Posted by DeLong at July 13, 2002 01:20 PM

Comments

Roach doesn't marshall any evidence here for what he says.

This unfortunately doesn't mean he is wrong.

My own take on the UK, at least, is that property prices continue to rise at +20% p.a., while stock markets fall and the financial services sector (almost 10% of GDP) is showing significant signs of stress. Rental flats in Central London now yield c. 3% net, which against government bond yields of c. 5% is surely not sustainable.

Consumption has grown faster than income in the UK for at least the past 5 years: consumer borrowings have risen commensurately. Historically, this has always led to a currency crisis, but because of the problems of the Euro and the strength of the dollar, this has not been the case this time. The strong pound has held down inflation, which has stayed the Bank of England's hand.

In the late 1980s, the UK was in a similar position of rising housing prices and increasing consumer debt. Once the Bank of England raised interest rates (to a peak of 15%), the housing market began a crash which led to drops of c. 40%. In addition, personal savings ratios doubled.

My sense is the UK is unquestionably still living through the consequences of its own bubble, driven in part by the global telecom-IT boom and the rising stock market, but also by its own singular factors (rising government spending, shortage of new housing land leading to higher prices and hence higher consumption).

Whether the UK will repeat the severe recession of the early 1990s? I certainly hope not, but in the UK at least, we can say that all the evidence of Roach's continuing asset bubble is in place.

See www.valuingwallstreet.com for Andrew Smither's case for the overvalued S&P.

Posted by: John on July 14, 2002 11:19 AM

I've seen the past recession as the result of a massive drop in capital spending. IT can be lumped into this. Yet somehow, consumers kept spending so the result was a mild recession. Now, I haven't looked at the numbers, but if capital spending is picking up, then we might not have to worry about prolonged stagnation.

Posted by: Sean Hackbarth on July 14, 2002 10:00 PM

An increase in business investment, even if large, is unlikely to offset the full impact of a fall in consumer spending (because the latter is c. 60% ? of GDP, and the former c. 15%).

In addition, business investment tends to respond to demand, so if the demand is not there, then the investment will not follow.

The external side might help the US greatly: the dollar is now at parity with the Euro, and I expect it to fall to 0.8-0.9 euro/ dollar. This will be very good news for US exporters (those steel mills we keep weeping for also Boeing) and (perhaps more importantly) for US manufacturers producing for domestic markets in competition against foreigners.

The difficulty is this will also unleash deflationary forces, particularly in Europe (where growth is now almost entirely the result of exports), but also in Mexico (peso too strong) and Asia (Japan must be sweating it). As the US' trading partners are suffering from their own domestic structural problems, strong currencies will really hurt.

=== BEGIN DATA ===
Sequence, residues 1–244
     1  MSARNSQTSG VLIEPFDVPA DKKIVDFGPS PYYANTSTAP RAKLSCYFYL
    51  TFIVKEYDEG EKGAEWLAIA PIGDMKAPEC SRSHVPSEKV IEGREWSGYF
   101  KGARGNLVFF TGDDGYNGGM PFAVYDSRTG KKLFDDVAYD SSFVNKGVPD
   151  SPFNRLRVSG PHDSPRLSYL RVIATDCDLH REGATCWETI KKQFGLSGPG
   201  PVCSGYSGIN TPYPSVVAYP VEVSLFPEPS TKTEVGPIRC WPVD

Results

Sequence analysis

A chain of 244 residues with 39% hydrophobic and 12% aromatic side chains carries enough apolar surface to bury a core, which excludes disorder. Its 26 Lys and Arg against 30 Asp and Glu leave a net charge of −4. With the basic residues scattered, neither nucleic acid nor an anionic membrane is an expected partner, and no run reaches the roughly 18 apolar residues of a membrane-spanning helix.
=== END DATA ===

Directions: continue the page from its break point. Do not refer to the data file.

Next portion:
To avert a global slowdown, the central banks of Europe and Asia will need to pursue some (for them) quite radical monetary loosening. To date, as the torrid experience with the Bank of Japan shows, they are most unwilling to do so.

Where does it all end up? I see the US having a protracted period of slower growth, as consumers seek to rebuild their savings ratios to historic levels (from minus 1-2 % to plus 3-4%), as US companies digest the impact of their huge investment binge of the late 90s (so, for example, not hiring more workers, but simply producing with fewer), and the US external deficit slowly corrects itself. Because of the 'reverse J curve' effect, the US external balance will get *worse* before it gets better: ie the value effect (dollar imports go up because the US pays more for them) will offset the substitution effect (switching to domestic sources which are now more competitive) in the short run.

Short term, there won't even be light at the end of the tunnel, until the Iraq invasion is done and dusted. For reasons of weather and logistics (you have to attack October-March in the desert and it takes 6 months to move 300,000 men and their supplies into position), I don't expect that before March 2003.

The policy response of European and Asian central banks and governments is key: if they maintain their tight stances, then the world economy could be sluggish for a long time.

Posted by: John on July 16, 2002 03:08 AM

Roach, the most perceptive analyst out there, is right yet again: the U.S. is following in the footsteps of Japan. A bubble is a bubble, it creates severe misallocation of resources into nonproductive investments, and that matters. It's not somethat an interest cut is going to fix (how pray does that get us back the wasted resources?). It's not just the American consumer in denial, but most economists and economic analysts.

Posted by: Andrew Boucher on July 26, 2002 01:23 PM

i am looking foward to adopt a guinea pig in mid town manhattan please e-mail me for information on my topic

Posted by: alfredo on September 2, 2002 06:57 AM

It takes significantly less time than six months to move 300,000 troops

Posted by: emil kaneti on October 16, 2002 08:05 PM